Tuesday, July 8, 2014

no going back

A couple of weeks ago while digging through some old photographs I came across an out of focus snapshot of a picture I painted thirty years or more ago. I have no idea why I had polar bears and their lady guides climbing down a grassy bank, nor what they're thoughts and plans are regarding the young man and the other bear, but it must have seemed significant at the time. Anyway, what I did see was at least half a dozen things I'd do differently now that I have a bit more skill using watercolors. The first thought that occurred is that they should be on their way back to a land of ice and snow - a far better environment for the polar bears than a mossy slope. The next was that the composition would be much improved by losing the guy and the other bear. 

This is as far as I've got, and likely as far as I will get, with this project. Once I'd redrawn the picture and begun adding color it wasn't long before I realized I no longer had much interest in painting nubile young women riding, or otherwise interacting with, large and dangerous wild animals. What did I think happens when you try to hug a polar bear? Of course you know what happens, the polar bear isn’t going to be into it, and it’s probably going to try to eat you.

On the other hand there's a brave man named Kevin Richardson, a South African zoologist, who studies animals native to Africa. He's studied lions to such an extent that he seems to have uncovered the secret to not being mauled to death, as you will see. He has decades of hands-on experience studying how lions behave, and he was able to use that knowledge to his benefit (and ours) in an amazing way.

Now I shall return to painting Crow and friends - perhaps there'll even be one with an old lady :) 


marja-leena said...

I would recognize your work anywhere, Susan, and this is another lovely one. If I recall correctly, you used these decorative borders on your older work.

The film strongly reminds me of one we saw some time ago about a woman who could talk to tigers, even heal ones who had been held captive. Quite amazing - I wish I could remember the name.

Should Fish More said...

I like your painting, both of them.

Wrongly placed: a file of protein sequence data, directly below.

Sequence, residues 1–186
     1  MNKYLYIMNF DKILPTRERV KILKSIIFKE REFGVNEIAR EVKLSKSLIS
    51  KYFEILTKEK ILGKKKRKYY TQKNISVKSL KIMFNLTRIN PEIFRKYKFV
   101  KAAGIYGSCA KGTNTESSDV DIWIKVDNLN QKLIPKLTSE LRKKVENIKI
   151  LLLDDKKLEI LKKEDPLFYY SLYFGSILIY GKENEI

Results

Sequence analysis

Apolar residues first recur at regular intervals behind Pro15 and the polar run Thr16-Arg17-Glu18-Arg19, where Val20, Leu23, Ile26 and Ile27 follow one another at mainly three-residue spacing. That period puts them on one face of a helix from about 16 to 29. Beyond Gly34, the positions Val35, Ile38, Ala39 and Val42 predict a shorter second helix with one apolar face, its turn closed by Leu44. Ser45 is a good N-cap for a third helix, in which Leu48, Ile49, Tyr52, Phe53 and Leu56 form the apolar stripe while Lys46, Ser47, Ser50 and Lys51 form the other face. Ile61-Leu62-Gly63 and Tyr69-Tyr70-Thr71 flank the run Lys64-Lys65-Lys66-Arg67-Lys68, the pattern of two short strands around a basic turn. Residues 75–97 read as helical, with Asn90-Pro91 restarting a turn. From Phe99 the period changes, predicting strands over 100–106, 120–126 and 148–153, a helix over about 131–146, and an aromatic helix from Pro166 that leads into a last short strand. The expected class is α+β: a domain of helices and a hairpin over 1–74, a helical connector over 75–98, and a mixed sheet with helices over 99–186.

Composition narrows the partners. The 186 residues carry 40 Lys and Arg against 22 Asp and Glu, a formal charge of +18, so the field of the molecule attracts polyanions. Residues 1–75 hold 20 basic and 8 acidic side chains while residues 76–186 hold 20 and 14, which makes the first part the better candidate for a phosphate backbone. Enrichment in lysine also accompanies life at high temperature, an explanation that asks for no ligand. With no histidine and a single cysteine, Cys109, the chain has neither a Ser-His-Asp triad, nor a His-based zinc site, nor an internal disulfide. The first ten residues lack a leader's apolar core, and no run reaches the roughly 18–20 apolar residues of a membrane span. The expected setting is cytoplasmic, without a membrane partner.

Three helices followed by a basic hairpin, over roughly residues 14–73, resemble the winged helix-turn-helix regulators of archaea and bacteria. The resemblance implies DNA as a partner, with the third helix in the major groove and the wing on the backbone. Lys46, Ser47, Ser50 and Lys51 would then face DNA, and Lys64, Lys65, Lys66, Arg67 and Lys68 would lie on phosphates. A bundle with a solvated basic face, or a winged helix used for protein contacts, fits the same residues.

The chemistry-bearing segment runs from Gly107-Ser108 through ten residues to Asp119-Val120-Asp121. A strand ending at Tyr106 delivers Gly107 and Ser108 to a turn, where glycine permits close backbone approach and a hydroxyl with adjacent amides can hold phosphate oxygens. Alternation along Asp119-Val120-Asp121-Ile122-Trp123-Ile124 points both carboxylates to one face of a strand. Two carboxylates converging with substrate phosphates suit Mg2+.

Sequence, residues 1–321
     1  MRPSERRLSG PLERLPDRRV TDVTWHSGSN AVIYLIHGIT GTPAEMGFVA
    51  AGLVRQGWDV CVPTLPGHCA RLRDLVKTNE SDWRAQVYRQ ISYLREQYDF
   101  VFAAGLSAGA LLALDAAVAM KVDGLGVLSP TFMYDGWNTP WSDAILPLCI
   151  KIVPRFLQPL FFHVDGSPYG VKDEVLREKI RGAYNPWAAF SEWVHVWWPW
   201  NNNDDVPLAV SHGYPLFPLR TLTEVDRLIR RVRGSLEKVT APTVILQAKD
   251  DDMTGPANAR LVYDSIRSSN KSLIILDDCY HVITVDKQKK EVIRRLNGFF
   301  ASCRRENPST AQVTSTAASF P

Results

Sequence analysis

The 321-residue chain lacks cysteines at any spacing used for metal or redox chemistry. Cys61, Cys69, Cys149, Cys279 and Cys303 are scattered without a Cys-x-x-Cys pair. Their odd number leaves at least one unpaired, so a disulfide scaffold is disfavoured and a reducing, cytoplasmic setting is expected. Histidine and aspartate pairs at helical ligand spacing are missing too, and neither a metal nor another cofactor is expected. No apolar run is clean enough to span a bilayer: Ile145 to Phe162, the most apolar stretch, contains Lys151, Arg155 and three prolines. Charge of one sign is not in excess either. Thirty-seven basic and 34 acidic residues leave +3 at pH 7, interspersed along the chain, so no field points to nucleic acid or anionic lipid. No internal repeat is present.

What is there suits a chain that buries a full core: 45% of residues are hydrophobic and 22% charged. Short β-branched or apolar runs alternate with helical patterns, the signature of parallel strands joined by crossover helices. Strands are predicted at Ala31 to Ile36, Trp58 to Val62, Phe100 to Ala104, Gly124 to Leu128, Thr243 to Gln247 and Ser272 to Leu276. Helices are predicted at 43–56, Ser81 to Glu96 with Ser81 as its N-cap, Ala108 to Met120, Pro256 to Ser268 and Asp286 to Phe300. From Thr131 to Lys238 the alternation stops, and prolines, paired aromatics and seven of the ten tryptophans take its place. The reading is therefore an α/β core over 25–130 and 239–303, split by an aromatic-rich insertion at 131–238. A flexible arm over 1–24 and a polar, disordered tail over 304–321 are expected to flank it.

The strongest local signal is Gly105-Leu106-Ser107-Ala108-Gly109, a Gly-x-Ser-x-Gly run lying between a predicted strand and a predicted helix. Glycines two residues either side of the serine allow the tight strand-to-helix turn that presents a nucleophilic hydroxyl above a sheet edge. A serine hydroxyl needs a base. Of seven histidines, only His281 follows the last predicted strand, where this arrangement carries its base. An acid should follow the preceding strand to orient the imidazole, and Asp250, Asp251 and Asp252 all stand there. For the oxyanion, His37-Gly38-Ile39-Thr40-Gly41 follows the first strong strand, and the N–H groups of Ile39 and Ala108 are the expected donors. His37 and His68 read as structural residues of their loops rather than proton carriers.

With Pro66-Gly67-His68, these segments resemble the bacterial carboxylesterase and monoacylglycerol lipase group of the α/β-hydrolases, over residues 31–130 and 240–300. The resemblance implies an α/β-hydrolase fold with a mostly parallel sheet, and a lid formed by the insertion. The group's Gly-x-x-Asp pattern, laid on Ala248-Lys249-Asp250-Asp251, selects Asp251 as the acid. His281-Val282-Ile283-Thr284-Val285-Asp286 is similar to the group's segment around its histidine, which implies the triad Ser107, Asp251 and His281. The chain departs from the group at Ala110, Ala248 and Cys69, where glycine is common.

A German artist, G. Munthe, did a tapestry, depicting three bears with women that has some Nordic myths as it's basis.
I tried very hard not to think of Tim Treadwell while watching the clip; he had some silly ideas about Alaska's brown bears that didn't turn out well, this after several years of seeming success.

susan said...

Thanks, Marja-Leena, for yet another kind comment about my work. I think the border on this one was among the first so it didn't turn out quite so well as later ones.

The movie is pretty extraordinary to watch as I'm sure was the one you mentioned about the woman who's able to bond with tigers. Scary business for the rest of us, eh?

susan said...

Thanks, Mike. I'll see if I can find a picture of that tapestry.

Yes, I remember the Tim Treadwell story, but that's one Herzog film I could never watch. A few weeks ago we watched a very cool movie called 'The Bear' for the third or fourth time. It's beautiful and a quite mesmerizing fictional account of bears and people in the wild.

Rob-bear said...

The pictures are excellent. A Polar Bear might eat you,indeed. But a Brown Bear might be happy to see you and give you a big hug. Black Bears usually run away from Humans, sometimes leaving their babies behind. We Browns can be as much fun as Lions, if you approach us gently.

There is something etherial about the picture you restarted. Indeed, I find that about most of your work. Strange. Very strange.

Blessings and Bear hugs!

Lindsay Byrnes said...

Hi Susan,
Nice to see you going back over your much earlier lovely earlier work and ascertaining superior outcomes which is what I think we all tend do in one form or another. I enjoyed watching the video, those lions are certainly magnificent animals!! Let’s hope the remnant of habitat can be preserved for them.
Best wishes

Life As I Know It Now said...

Maybe you saw the future of polar bears when you painted the first picture. Although it must be said that a green world is not ideal for white bears. All the land that animals need for their survival is under attack. Such short sightedness is hard to reconcile.

susan said...

Thanks, Rob, it's good to know you like the pictures. As for bears, I'm more than willing to trust one such as yourself for a hug, but the others not so much. I'll take your word for it about Browns while I keep a safe distance.

I'll be first to agree my pictures do tend to be somewhat otherworldly. I guess in my heart of hearts I like to believe in a gentler Reality that's our true home.

susan said...

Thanks, Lindsay. I've decided not to repaint the old picture, but I'm glad to know you liked it as far as it went. It's true that we can become more discerning with time.

I thought the video was wonderful too. It's interesting to know that there's a growing interest among people familiar with natural habitats to foster the return of large carnivores in areas where they've been wiped out. Doing so makes a lot of sense.

susan said...

I'm guessing you're right, Lib - that thought struck me too when I looked at the old photo. You might be interesting in reading the article about re-wilding the west. Otherwise, we are a crazy species.